Scottish Labour History Society Newsletter

October 2021

Opening text

60 Years of SLHS – 30 Years of SWPHT
The joint anniversary celebration of the 60th anniversary of the Scottish Labour History Society (SLHS) and 30th anniversary of the Scottish Working People’s History Trust (SWPHT), in conjunction with the National Library of Scotland (NLS), will take place on St Andrew’s Day, Tuesday 30th November, in an online format. Hosted by NLS, the event will be introduced by former editors of Scottish Labour History, Hamish Fraser (1969-74) and Ian Wood (1975-87), and feature presentations and a discussion on oral history, with Dr Ewan Gibbs (Glasgow University), Caroline Milligan (Edinburgh University) and Dr Valerie Wright (Stirling University). Preparations continue for the inaugural Ian MacDougall Memorial Lecture, scheduled to take place next April.

New Lanark Living Legacy Conference Postponed
New Lanark Trust has postponed its New Lanark 2021: A Living Legacy conference, announcing that it will now take place from Tuesday 1st–Thursday 3rd March 2022, with the same programme. However, the John Pearce Memorial Lecture, set for Tuesday 12th October, will still take place, with Lesley Riddoch as speaker. This is a free, hybrid event and individuals can register for it at www.newlanark.org/conference-2021. Anyone having booked a ticket, who can no longer attend, should let the organisers know as this could affect the capacity for the event.

Acknowledging Canadian Historian Bryan D Palmer
Athabasca University Press has published a volume of essays on Canadian historian Bryan D Palmer, who is perhaps best known in Britain for his book on E P Thompson. Palmer’s work has influenced labour history, social history, discourse analysis, communist history and Canadian history, and Dissenting Traditions: Essays on Bryan D Palmer, Marxism, and History, edited by Sean Carleton, Ted McCoy & Julia Smith, brings together material by his contemporaries, students and critics. The book is on open access at https://read.aupress.ca/projects/dissenting-traditions

Working Class Movement Library Online Talks
6th October, 2pm-3pm: Frank Palmeri, professor of English at Miami University will speak on Thomas Spence: Satirist, Utopian, Socialist. Spence, recognised as the most important socialist thinker of the 1790s, was a strong satirist of aristocracy and land-holders, and the talk will consider him as satirist and utopian writer and conclude by considering parallels with William Morris.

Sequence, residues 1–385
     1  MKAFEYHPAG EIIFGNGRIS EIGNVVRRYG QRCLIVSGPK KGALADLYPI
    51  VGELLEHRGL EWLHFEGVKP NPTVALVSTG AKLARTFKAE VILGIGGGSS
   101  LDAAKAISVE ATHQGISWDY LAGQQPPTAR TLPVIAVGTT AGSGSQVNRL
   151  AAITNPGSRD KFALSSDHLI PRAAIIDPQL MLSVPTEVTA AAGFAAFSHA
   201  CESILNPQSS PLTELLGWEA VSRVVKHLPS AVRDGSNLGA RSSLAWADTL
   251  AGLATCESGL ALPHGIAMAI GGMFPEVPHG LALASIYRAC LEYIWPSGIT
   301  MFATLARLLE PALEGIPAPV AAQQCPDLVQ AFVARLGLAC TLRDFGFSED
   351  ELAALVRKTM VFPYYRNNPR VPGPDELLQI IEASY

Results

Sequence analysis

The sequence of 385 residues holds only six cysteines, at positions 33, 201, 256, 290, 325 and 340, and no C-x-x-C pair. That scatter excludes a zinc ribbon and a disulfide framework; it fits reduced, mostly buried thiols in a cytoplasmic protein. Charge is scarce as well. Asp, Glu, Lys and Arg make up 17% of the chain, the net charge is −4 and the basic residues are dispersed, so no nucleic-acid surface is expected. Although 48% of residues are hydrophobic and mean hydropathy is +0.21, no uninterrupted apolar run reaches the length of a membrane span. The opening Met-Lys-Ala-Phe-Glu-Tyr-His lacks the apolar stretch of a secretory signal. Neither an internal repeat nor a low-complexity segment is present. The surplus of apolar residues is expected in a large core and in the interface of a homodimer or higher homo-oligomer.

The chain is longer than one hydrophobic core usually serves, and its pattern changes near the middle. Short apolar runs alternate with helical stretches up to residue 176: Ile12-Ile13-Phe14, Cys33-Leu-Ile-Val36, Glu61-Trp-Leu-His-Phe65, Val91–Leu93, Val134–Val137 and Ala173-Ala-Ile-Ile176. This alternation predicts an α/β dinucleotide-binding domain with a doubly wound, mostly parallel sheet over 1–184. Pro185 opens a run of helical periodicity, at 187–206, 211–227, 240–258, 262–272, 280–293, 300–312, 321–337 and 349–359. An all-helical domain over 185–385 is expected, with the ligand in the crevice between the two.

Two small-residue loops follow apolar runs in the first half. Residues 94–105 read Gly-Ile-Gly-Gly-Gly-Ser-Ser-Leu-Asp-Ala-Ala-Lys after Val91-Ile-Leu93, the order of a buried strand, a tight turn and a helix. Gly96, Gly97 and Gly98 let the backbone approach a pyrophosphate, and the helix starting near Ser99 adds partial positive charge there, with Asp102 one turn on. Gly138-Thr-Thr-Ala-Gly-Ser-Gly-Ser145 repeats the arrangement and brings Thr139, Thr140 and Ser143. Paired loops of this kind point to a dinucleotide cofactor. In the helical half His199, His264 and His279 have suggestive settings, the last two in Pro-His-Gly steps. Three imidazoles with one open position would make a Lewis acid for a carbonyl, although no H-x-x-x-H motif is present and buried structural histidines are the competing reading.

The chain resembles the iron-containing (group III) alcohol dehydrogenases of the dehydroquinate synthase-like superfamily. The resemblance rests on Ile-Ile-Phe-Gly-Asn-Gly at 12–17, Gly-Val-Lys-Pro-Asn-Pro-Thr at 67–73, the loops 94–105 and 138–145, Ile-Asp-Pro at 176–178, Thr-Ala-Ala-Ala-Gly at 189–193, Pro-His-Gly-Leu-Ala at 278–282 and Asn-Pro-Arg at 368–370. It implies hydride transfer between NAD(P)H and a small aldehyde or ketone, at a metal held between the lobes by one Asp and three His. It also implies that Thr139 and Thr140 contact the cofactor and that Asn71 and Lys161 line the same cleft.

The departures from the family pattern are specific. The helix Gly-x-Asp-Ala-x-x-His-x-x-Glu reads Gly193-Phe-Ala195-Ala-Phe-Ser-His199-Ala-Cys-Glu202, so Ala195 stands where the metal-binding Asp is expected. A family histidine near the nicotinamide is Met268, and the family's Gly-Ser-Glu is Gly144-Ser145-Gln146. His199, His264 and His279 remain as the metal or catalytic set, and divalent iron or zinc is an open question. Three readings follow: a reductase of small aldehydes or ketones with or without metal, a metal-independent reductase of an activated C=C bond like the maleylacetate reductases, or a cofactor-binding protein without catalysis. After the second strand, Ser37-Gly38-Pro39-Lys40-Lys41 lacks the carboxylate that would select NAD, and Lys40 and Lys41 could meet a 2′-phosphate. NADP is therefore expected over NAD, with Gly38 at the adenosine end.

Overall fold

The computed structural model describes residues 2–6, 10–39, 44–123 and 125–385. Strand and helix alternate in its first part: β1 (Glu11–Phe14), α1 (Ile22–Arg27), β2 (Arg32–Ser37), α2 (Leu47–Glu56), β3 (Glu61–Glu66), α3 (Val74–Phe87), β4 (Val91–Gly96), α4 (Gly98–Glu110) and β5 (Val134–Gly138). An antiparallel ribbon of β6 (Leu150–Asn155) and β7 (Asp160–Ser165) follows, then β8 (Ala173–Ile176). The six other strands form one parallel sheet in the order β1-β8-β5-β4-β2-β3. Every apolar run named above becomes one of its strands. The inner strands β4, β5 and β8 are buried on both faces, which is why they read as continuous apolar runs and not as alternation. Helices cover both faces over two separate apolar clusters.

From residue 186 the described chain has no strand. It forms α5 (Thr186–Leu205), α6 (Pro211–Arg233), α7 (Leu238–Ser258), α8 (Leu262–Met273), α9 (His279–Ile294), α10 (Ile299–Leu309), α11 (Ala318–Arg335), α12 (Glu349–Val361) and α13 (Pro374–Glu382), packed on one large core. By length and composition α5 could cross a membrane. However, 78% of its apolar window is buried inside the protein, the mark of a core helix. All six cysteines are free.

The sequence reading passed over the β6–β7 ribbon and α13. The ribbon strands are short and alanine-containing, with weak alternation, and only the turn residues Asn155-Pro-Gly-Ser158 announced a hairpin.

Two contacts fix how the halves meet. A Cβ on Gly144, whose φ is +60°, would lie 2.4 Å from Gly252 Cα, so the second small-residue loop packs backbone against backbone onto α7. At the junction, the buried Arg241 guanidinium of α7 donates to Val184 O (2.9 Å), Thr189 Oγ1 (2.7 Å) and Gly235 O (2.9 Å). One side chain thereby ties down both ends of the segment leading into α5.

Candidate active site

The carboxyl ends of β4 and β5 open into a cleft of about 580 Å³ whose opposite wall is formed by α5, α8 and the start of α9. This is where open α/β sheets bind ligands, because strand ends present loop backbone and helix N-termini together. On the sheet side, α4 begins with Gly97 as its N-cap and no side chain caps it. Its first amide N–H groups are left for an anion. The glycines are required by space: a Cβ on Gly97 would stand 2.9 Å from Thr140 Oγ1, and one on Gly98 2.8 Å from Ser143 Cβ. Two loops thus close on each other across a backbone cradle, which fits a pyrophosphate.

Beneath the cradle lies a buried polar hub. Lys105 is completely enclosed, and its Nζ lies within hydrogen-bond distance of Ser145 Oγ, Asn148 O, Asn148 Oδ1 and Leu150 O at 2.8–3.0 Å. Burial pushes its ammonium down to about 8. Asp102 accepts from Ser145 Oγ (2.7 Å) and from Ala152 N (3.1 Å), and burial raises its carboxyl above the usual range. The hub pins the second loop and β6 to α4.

20th October, 2pm-3pm: Peter John Fyles will speak on The Real SDF–Rank and File Branch Activities and Responses in Lancashire, 1884-1918. Fyles has undertaken the first detailed local study of the Social Democratic Federation, questioning old historiography, and providing evidence that leisure and commercialism, more than socialist in-fighting, were the major hindrances to SDF and socialist success. The talks are part of WCML’s Invisible Histories series, and will be live-streamed, with sign-up details at https://www.wcml.org.uk/events/ on the day of the talk/s.

Socialism in the English-speaking Caribbean: Call for Papers
The Socialist History Society, the Institute of Commonwealth Studies and the Society for Caribbean Studies are planning a series of online research seminars, exploring the commonalities and differences of the socialisms of the English-speaking Caribbean, with a view to publishing selected seminar papers in Socialist History – see http://www.socialisthistorysociety.co.uk/?p=1213 for more details. Papers of 5,000-10,000 words are invited and proposals (of <500 words) should be sent to info@socialisthistorysociety.co.uk by 15th November. Authors of the selected papers will be invited to revise them for a special issue of Socialist History.

Piston, Pen & Press
This AHRC-funded project, led by the University of Strathclyde and beginning in September 2018, has explored how industrial workers in Scotland and Northern England, from c1840 to c1910, engaged with literary culture through writing, reading and discussion. The project has been recovering their activities through archival research, and working with museum and library partners to make the findings available. Miners, railway workers and textile workers have been the main areas of study. More information at https://www.pistonpenandpress.org/

Material for future newsletters should be sent to admin@scottishlabourhistorysociety.scot